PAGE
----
I have two chainsaws, both gifts from different people, and different brands. Both are 14 inch models, and their chains are interchangeable. I have 4 chains total, My bobcat is used and leaks(needs a new fill plug) and runs once if finally starts. My Poulan, has already been rebuilt twice, due to overheating. It did it the first time while on the first gal. of mixed fuel. They supply the 2.5 ounce bottle of oil for mixing with the first gal. And yet they tried to say I had run it with too little oil! They backed down in a hurry, when I told them it was still on it's first gal. of fuel! Mechanic said that it was best to over do the oil, with 4 oz per gal. He claimed it may smoke some, and it might foul a plug once in a while, but the motor will never need to be rebuilt again.i don't believe the last, but that is what I was told.I will change out the chain any time it shows it is dulling, and the swapped out chain will get sharpened.(3-4 dollars) Between them, they have claimed the lives of more than 30 mature trees and countless small trees. 22 of those trees belonged to my Father in Law. (straight-line winds) and I will be felling a few this summer to form a cascade on my hunting property. (if time and weather allow) Best thing I can tell you about chainsaws is never let a moving chain touch dirt, never force a cut (let the chain due the work, never let the chain get dry (oil) heat destroys them. And never, never forget that that saw is an omnivore, and it will eat you faster than it eats trees. A buddy of mine has an older saw with the shut off switch on the cutting face of the machine. He released the rear handle to shut it off, and the saw pivoted in his grip from the top handle. The blade "touched" his leg above the knee, and he will bear the scars until the day he dies. 1/2 in wide and @ 5" long and he is lucky he will not have a limp, just the scar. He tells people he was bit by a shark ;) Because he does not want to even talk about it. If you don't use wedges, I would recommend the practice. It keeps the cut from being able to close and bind your chain. Plastic ones are made for the purpose, but I use my splitting wedges, since I already have 4 of them. As for chains, I would recommend at least two spares. That way you have a fresh one on the saw, a spare to change out, and the dull one being sharpened.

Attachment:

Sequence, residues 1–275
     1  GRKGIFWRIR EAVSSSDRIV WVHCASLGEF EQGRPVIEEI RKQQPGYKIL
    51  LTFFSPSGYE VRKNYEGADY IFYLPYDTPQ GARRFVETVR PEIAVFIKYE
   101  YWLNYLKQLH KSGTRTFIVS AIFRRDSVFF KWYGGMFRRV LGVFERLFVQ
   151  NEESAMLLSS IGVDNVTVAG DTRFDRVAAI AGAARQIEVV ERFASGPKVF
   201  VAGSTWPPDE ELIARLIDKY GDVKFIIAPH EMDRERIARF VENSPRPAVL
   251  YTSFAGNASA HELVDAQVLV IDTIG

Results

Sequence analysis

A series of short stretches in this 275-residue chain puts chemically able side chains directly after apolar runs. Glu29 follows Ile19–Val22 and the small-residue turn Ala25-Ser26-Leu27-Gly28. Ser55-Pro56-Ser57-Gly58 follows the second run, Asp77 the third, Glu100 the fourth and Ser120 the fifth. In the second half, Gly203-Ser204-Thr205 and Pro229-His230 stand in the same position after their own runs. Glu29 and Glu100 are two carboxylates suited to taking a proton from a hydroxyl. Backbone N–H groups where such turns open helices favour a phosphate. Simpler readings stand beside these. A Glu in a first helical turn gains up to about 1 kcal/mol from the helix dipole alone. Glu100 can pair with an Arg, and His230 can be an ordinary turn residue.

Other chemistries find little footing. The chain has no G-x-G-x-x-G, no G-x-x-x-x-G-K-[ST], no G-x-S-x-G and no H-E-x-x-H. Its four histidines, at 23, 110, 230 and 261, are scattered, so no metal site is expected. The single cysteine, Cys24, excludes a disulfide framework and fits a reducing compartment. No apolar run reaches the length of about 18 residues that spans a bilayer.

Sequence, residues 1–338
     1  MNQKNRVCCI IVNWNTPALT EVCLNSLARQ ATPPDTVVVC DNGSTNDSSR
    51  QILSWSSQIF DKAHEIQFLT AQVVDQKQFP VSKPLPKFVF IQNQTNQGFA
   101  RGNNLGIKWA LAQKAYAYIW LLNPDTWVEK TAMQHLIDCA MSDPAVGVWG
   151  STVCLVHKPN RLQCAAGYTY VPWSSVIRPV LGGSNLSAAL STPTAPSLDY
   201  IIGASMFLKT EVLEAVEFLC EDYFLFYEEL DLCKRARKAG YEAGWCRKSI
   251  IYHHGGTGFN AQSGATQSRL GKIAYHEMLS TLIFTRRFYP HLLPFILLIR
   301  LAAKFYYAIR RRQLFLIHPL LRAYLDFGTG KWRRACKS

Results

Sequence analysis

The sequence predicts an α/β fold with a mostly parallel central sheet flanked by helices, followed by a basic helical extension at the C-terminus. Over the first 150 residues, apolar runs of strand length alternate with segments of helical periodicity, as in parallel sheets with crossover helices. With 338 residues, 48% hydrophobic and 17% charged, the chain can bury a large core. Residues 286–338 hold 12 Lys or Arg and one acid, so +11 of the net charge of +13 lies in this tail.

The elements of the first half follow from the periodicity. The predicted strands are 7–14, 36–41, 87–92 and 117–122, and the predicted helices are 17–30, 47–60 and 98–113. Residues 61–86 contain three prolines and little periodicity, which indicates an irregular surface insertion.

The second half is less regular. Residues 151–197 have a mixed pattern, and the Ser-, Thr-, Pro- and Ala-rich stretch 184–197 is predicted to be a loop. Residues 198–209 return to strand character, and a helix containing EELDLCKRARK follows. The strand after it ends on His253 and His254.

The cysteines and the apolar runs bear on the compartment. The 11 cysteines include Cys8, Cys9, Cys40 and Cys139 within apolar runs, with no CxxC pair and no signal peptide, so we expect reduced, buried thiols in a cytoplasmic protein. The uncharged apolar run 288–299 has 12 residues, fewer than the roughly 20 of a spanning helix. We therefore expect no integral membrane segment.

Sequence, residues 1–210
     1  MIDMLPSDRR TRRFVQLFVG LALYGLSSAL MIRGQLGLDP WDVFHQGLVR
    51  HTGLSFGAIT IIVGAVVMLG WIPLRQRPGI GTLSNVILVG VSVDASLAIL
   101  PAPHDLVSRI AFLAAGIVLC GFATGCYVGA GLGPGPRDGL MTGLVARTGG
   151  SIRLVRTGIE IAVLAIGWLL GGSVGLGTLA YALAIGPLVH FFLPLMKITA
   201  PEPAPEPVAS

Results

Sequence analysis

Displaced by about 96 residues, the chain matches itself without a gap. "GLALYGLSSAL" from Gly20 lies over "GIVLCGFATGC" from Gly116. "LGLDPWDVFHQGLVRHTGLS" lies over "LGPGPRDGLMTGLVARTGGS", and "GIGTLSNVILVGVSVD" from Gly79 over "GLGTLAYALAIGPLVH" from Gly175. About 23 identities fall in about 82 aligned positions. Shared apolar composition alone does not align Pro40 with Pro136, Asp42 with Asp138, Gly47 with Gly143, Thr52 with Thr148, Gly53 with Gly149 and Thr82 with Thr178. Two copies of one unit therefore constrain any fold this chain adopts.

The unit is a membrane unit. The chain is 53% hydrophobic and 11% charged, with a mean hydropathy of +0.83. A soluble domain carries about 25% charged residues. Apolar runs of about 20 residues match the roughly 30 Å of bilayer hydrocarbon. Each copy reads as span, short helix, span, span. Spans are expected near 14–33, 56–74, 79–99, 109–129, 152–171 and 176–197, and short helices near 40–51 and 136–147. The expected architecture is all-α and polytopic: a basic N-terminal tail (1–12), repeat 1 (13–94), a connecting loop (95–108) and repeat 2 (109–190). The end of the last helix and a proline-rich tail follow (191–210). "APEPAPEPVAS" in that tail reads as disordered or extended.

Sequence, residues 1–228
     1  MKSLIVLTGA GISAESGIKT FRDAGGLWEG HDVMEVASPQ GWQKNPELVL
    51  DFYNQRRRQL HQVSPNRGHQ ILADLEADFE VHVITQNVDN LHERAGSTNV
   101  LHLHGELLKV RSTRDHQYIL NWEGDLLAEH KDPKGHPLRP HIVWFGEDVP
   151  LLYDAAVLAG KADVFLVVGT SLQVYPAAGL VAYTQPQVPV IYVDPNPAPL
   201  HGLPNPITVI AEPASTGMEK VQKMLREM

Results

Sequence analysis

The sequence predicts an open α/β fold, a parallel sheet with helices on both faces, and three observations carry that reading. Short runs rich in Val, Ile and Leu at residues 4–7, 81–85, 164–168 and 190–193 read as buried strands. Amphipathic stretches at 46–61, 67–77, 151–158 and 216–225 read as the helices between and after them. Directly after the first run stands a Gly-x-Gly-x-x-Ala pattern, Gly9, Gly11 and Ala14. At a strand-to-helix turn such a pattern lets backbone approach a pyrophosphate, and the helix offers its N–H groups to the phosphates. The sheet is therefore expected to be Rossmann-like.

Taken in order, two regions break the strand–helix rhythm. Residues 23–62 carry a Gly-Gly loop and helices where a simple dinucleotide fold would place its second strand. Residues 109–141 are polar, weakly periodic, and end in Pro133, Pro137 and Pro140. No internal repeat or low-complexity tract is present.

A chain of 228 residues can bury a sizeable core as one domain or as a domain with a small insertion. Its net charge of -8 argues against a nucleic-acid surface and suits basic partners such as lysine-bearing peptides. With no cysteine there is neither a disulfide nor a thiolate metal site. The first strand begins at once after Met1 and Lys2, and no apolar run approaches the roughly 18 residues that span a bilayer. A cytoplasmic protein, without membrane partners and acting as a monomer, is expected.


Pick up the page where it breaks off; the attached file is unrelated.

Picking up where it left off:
The only real difference between a good tracker and a bad tracker is observation. All the same data is present for both. The rest is understanding what you are seeing.

msbadger
 
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Re: chainsaw

Postby msbadger » Sun May 13, 2012 6:29 am

Yep ...just like a safety harness for climbing up, to hunt....a good safety hat with ear and face protection and a good pair of Kevlar chaps....second thing to pick up before heading to the register with a chain saw... ;)
Romans 14:10
Romans 14:13
James 4:11
Luke 6:37

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jonny5buck
 
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Location: Land of Lincoln

Re: chainsaw

Postby jonny5buck » Sun May 13, 2012 7:21 pm

@JPH- who's in the photo??....cool anyway.. :)

@ kellory& msbadger- Confession time... The stihl saw i use ..and have been using .....has no kickback bar...none ....it was broken off when i acquired it- :?: ......I also just purchased a new chain [stihl brand of course] but the yellow label on the side says it has a high kickback rate ...the stihl guy said it cuts a wider gap ..but beware of the kickback....i usually cut with a hooded sweatshirt a pair of good gloves and just sunglasses.....rather than tempt fate..i will be getting this fixed first....i like my face the way it is--- :shock: ....

After reading this thread i realized i do NOT want to be ''that guy'' ...we all ask ...''what was he thinking???....


Thanks for the reality check..Jon` :|

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JPH
 
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Re: chainsaw

Postby JPH » Sun May 13, 2012 8:36 pm

jonny5buck wrote:@JPH- who's in the photo??....cool anyway.. :)

I have no idea. It was just something random I found on the internet.

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kellory
 
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Re: chainsaw

Postby kellory » Sun May 13, 2012 10:33 pm

J5B, anytime I can help, just ask.
The only real difference between a good tracker and a bad tracker is observation. All the same data is present for both. The rest is understanding what you are seeing.